Michael Newhouse: Recovering Damages Through Escrow
- Jan 06, 2015
Most developers have been there a few times. You found a great property, it’s well priced, and perfect for your newest development; be it a flip or an income property.
You’ve deposited your earnest money, you’ve cleared all contingencies, you’ve begun work with your architect, engineer and subs, and closing is imminent. But … the seller has begun acting erratically, alternating between refusing to close escrow and stating they would complete the transaction. Maybe they are even trying to get more money out of you, thinking that they sold too cheap. You, or your broker, have explained, and threatened, the consequences of refusing to close the deal, but the seller is not responding to reason. What do you do now?
Too often, especially where the purchase price does not exceed $1,000,000, a developer’s instinct, ratified by their broker’s or attorney’s advice, is to either: 1) accept the extortion of a raised purchase price as the “cost of doing business”; or 2) let the deal go, get back your deposit, and move on to another property; rather than spend time and legal fees forcing the sale, commonly known as a Specific Performance lawsuit.
This article discusses a seldom considered “third option”: a Specific Performance lawsuit, with a demand that all damages – including attorneys’ fees and costs, encumbrances and lost future rents or profits due to delays in closing – be paid directly as escrow credits following a court ordered closing.
As is well understood by most real estate law practitioners, and their clients, forcing a sale through “Specific Performance” is available where: 1) the buyer has put the seller on notice of its demand that escrow close; 2) the buyer has “substantially” performed its end of the bargain (e.g., paid its earnest deposit and cleared its contingencies, etc.); 3) the seller has not performed (e.g., refuses to close escrow); 4) the purchase and sale agreement (“PSA”) terms are sufficiently definite (which is generally the case in any legitimate real property transaction); 5) the PSA is reasonable and fairly priced (e.g., the seller is not being unfairly taken advantage of); 6) the terms of the requested “forced sale” are “substantially similar” to the terms of the PSA; and 7) the buyer’s “legal remedy” (i.e., simply getting a money judgment against the breaching seller) is inadequate. (Civil.Code §§ 3384-3395; Tamarind Lithography Workshop, Inc. v. Sanders (1983) 143 Cal.App.3d 571, 575; Byrne v. Laura (1997) 52 Cal. App. 4th 1054, 1071).
DAMAGES PAID THROUGH ESCROW “CREDITS”
While there is nothing terribly novel about obtaining a judgment for specific performance where that above factors are satisfied, having attendant damages, including prospective lost profits, deducted directly from the purchase price in escrow is a little known and obviously very attractive option for buyers. Having such damages “directly paid” to the buyer obviously removes the single most difficult step in the litigation process; collection.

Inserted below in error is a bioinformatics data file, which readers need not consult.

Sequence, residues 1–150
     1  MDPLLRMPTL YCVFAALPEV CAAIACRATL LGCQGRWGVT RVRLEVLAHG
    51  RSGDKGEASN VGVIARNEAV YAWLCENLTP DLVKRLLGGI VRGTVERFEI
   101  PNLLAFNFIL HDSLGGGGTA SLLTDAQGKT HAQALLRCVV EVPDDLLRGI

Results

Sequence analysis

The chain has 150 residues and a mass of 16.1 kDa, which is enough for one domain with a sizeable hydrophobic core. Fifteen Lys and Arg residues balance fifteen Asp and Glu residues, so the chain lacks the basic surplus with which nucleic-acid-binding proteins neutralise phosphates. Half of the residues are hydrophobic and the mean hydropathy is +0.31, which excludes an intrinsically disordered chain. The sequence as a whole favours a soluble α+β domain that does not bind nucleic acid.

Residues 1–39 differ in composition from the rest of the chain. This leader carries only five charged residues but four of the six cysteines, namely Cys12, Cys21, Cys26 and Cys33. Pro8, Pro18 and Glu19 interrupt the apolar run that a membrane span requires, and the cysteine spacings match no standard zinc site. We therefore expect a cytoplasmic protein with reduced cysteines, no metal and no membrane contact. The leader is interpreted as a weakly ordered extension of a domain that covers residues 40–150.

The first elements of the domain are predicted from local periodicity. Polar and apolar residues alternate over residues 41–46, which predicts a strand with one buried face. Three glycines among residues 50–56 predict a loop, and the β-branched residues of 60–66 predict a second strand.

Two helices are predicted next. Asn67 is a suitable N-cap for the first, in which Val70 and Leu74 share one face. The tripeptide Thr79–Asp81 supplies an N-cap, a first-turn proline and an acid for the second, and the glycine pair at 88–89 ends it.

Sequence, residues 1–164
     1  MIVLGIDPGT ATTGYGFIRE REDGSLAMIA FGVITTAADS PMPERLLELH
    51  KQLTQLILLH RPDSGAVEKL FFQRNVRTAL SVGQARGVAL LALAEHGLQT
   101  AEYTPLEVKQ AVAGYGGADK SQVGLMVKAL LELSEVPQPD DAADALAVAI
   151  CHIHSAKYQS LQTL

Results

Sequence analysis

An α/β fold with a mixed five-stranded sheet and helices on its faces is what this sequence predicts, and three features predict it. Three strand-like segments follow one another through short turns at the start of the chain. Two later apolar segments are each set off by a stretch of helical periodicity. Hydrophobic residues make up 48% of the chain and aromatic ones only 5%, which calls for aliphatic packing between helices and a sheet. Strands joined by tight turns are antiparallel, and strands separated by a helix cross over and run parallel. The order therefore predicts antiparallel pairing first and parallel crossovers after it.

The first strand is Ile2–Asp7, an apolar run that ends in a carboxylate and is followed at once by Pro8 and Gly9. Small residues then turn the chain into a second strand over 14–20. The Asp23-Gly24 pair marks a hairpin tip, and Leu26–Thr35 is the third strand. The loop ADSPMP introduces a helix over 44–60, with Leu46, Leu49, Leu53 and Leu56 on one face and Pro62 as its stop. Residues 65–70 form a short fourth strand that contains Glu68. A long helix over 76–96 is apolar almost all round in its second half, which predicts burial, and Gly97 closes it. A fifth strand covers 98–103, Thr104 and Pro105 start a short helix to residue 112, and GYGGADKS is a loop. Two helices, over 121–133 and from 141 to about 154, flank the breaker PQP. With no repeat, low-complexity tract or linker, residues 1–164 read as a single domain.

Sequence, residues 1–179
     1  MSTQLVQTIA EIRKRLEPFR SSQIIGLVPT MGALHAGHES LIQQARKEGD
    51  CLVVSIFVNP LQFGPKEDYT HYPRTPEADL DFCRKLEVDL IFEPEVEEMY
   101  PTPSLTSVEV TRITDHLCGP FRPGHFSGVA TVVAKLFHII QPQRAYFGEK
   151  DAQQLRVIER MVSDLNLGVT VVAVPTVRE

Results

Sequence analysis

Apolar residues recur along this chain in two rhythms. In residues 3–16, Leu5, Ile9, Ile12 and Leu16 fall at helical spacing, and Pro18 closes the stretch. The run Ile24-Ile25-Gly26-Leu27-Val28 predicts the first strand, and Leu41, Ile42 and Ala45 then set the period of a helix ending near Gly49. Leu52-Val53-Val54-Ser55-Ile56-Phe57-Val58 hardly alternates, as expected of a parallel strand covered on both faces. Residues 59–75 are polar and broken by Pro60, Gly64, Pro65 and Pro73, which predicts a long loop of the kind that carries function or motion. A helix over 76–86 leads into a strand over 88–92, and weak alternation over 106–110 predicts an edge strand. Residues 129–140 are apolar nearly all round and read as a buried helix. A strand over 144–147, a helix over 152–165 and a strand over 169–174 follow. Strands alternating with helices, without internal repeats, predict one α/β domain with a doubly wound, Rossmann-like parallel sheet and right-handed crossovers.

1. Deducting Damages Due to Liens, Taxes and other Encumbrances
If liens, claims or other defects in title exist, a seller may be required to convey what interest he or she has in the property and the buyer may receive compensation for the deficiency in performance. (Sequoia Inv. Corp. v. Paillard (1995) 135 Cal. App. 2d 166, 172.) Moreover, most standard PSAs clearly require that taxes be “paid current” and prorated between buyer and seller.
Thus, in addition to an order of specific performance, buyers should ask the court to direct that common debts such as property taxes and judgment liens be deducted from the purchase price and/or paid and satisfied through escrow before title passes to the buyer.
2. Deducting Lost Rent or Profit Damages Due to Delayed Performance
Because a buyer seeking specific performance has lost possession and use of the property during the delay in receiving title, that buyer is entitled to offset from the purchase price any lost rents or profits and increased costs caused by the delay. (Bravo v. Buelow (1985) 168 Cal. App. 3d 208, 213-215 (buyer credited $70,000 for increased construction costs of $20/SF resulting from delay); Hennefer v. Butcher (1986) 182 Cal. App. 3d 492, 505 (increased development costs $150,000 offset from $1.05 million purchase price); Greenstone v. Claretian Theological Seminary (1959) 173 Cal.App.2d 21 (offset of lost rentals). Such offset or credit is not a breach of contract damage, but designed to relate specific performance back to the date escrow was supposed to close and adjust the equities between the parties due to delayed performance. (Id.) To obtain such credit and offset, no specific pleading is required. (Greenstone, 173 Cal.App.2d at 34-35.
3. Attorneys Fees
Finally, buyers should make sure to seek all attorneys fees and costs associated with the specific performance action. Such fees and costs are of course not generally available under statute, but are almost always specifically provided for in the PSA.
In short, before letting a recalcitrant seller off the hook, on an otherwise good deal, purchasers should consider their “third option”, a Specific Performance lawsuit that seeks all damages through a court ordered closing.